For all the research I did on acupuncture, how it can cure Colitis (among many other illnesses and injuries) and what to expect during a session, I somehow never came across this until I started Googling “feeling sad after acupuncture” and other phrases. Then I found a plethora of information on this phenomenon. For one, symptoms range from a worsening of actual physical symptoms (blood and cramps for me) to emotional symptoms such as sadness, irritability, or feeling “down.” After reading more than a dozen articles, I also learned that a healing crisis isn’t just the result of acupuncture. Even things as seemingly benign as a new diet can bring one on, and they’re equally common with meditation, chiropractic treatments, biofeedback, intense massage and–as one might expect–psychotherapy. Why?

In Chaussee’s words: “apparently, your body holds grudges better than your relatives. as it stores layers of fat over the years, that fat stores trace amounts of the various viruses and toxins and whathaveyou that have visited your body at one time or another. so all the colds you’ve had, the flu’s, the hangovers, the emotional crap you put yourself through in the past is literally stored inside of you in remnants and when you detox the idea is to release all that built-up crud. . .but during the release, those toxins are released into your blood stream from the fat they’ve been hiding in. if you don’t have enough water in your system or you just have a lot of crud built up in your body over time, you can essentially re-live all those toxins all over again. that flu will come back. you’ll be hungover. you’ll be thinking of that fight you had, those things you said, revisiting that memory you’d thought you’d seen off long ago.” [sic] Ah-ha!

When I returned for my second round of acupuncture, I was prepared. Instead of being blind-sided by overwhelming emotion (or fatigue) I was alert for it, welcomed it, and found that it was definitely not as intense this time as it was the first time. Instead of lingering for 2 days it was gone by this morning (and I went at 6:30pm last night). I read elsewhere that if the condition you’re primarily trying to address is more acute, such as my 6-month bout with this first flare, your healing crisis will be intense but brief, and likely won’t affect you as severely after 2-3 treatments. That is the case here. So, acupuncturees take heart – the needles aren’t painful and the fallout from your first treatment or two is normal and actually desired. If you’re not experiencing any kind of “healing crisis” then likely you either need more frequent treatments, or what you’re trying–whatever it is–isn’t working. No pain, no gain.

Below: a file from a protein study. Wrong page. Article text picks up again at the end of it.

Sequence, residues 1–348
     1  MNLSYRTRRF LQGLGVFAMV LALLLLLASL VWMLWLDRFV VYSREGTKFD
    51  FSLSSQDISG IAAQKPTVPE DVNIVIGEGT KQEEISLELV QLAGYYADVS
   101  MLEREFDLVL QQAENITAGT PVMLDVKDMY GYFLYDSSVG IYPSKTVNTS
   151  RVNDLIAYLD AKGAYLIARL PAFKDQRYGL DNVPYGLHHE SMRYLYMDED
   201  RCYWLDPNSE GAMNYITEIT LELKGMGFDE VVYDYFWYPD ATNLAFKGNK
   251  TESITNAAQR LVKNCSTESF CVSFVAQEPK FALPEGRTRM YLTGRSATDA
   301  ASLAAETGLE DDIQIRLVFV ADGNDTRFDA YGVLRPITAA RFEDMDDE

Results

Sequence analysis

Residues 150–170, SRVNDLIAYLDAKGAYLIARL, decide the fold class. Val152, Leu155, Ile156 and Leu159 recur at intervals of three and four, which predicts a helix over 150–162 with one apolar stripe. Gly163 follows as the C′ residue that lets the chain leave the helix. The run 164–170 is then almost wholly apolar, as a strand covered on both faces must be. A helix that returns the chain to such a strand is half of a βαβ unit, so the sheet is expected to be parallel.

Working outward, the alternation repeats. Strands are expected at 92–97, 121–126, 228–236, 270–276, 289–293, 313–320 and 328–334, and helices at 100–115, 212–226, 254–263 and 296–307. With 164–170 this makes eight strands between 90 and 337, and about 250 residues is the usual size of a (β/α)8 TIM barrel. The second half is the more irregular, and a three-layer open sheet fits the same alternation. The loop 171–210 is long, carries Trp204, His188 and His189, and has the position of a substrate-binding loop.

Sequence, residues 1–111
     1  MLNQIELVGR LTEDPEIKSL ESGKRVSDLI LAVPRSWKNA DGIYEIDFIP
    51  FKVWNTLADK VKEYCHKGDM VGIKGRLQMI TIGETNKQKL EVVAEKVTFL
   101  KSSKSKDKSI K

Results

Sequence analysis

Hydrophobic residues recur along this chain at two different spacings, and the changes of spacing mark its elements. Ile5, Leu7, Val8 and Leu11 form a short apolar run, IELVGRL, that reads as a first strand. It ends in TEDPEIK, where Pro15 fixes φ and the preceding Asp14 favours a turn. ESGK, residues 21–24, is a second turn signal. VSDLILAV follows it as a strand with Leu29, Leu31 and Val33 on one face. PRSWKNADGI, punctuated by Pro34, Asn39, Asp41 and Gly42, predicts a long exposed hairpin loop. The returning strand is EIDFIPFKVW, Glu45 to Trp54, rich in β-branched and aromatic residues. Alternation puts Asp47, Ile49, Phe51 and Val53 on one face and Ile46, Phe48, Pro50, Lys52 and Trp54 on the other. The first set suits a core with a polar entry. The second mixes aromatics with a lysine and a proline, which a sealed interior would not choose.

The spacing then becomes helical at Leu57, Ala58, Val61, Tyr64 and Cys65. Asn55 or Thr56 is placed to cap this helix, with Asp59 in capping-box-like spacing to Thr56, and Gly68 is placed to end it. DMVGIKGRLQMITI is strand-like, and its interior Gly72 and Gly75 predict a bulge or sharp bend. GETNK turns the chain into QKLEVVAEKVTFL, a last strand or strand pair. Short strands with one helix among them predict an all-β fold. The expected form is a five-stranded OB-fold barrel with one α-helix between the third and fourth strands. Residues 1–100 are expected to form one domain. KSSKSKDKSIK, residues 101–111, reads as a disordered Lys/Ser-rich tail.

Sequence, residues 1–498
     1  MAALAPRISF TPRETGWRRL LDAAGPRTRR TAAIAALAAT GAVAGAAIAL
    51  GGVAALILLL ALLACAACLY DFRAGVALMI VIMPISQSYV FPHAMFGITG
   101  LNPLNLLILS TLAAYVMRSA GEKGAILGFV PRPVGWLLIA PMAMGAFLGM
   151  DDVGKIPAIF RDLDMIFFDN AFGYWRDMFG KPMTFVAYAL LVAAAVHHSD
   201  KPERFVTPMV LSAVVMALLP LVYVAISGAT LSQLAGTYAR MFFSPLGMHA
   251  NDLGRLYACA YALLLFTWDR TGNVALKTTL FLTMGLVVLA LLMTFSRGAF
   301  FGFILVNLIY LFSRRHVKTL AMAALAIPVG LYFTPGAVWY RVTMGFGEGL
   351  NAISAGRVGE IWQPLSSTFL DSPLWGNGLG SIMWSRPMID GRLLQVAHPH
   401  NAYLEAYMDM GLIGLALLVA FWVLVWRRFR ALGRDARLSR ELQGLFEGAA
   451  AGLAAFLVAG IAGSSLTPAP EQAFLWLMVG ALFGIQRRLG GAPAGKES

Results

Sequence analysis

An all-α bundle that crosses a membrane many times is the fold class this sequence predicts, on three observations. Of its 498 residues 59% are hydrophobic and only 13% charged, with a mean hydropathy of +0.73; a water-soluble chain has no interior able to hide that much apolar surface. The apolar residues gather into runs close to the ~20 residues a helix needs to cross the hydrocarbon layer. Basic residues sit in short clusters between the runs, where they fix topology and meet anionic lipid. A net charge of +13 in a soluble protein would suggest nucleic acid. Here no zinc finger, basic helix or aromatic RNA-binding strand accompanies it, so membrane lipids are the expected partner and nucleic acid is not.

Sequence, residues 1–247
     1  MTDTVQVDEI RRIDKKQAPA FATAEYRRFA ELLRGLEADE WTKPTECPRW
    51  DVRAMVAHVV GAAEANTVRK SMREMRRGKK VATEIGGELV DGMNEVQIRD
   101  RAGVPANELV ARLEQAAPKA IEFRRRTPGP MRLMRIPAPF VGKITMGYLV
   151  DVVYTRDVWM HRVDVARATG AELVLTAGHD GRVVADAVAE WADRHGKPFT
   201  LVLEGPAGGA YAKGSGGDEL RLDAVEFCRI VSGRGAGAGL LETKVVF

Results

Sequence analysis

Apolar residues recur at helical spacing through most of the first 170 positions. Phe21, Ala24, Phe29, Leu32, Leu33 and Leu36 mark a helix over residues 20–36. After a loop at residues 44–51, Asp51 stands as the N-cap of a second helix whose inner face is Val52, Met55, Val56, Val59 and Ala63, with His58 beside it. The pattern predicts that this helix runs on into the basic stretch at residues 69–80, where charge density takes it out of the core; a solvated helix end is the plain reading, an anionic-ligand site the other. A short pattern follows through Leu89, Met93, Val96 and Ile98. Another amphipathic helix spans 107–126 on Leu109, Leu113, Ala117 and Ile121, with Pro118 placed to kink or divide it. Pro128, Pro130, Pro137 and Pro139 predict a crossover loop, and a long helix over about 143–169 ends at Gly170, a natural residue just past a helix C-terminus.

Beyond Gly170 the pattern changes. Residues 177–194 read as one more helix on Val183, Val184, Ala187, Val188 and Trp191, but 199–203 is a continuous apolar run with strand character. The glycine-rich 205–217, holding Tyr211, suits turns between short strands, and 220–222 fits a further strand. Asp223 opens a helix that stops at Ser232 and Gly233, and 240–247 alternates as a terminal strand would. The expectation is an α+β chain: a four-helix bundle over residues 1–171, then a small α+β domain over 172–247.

My 1st Acupuncture Experience

acupuncture2

So in follow-up to my earlier acupuncture post, I had my actual appointment today. (This was after the first place I’d wanted to go “lost” their acupuncturist, and I needed to look around for another reputable site.) The minor delay was totally worth it. I walked in not knowing what to expect, but with an open mind. I walked out with my mind blown, in the best, most relaxed calm of my entire life. This “peace” makes all the relaxation I’ve felt with various massages feel negligible in comparison. The needle insertion was slightly uncomfortable – while certain needles went in entirely without me feeling a thing, some did “pinch” a little, or were accompanied by odd sensations. She warned me about each one if they were going to feel a little weird, and the sensation passed almost immediately. (And at no time was it like receiving a shot at the doctor’s office, or giving blood. Those actually hurt, this does not.)

She also cautioned that a “heavy” feeling, or minor “dull aches” and sensations along those lines were entirely normal while lying there. I relaxed for about an hour, during which time I was transformed. I experienced a highly meditative state, and also a lot of strange, fascinating sensations, particularly in my lower abdomen. At times it felt excessively warm, at other times I felt dull cramps – things I either haven’t felt at all or haven’t felt in quite awhile, thanks to the Remicade. I also experienced bizarre muscle twitches and sensations in other parts of my body, which is also apparently very normal, as acupuncture treats the whole body, not just whatever you’re trying to address.

When she removed the needles my limbs felt like jelly, and I felt like I’d just come off a two-week vacation on some tropical island paradise. It was an incredible 180 from the way I’d walked in. Throughout the rest of today I’ve had some unusual cramping, but I was also warned that a return of symptoms is normal, and actually indicates the process is working. And, even though I went in to begin “curing” my Ulcerative Colitis, other ailments would inadvertently be “cured” as well, such as any muscle pains I might be experiencing, anxiety, fatigue, et cetera. Typically patients report easier digestion and longer, deeper sleep following a session. Fingers crossed that’s the case, and that this finally gets a handle on my IBD so I can get off the mouse poison!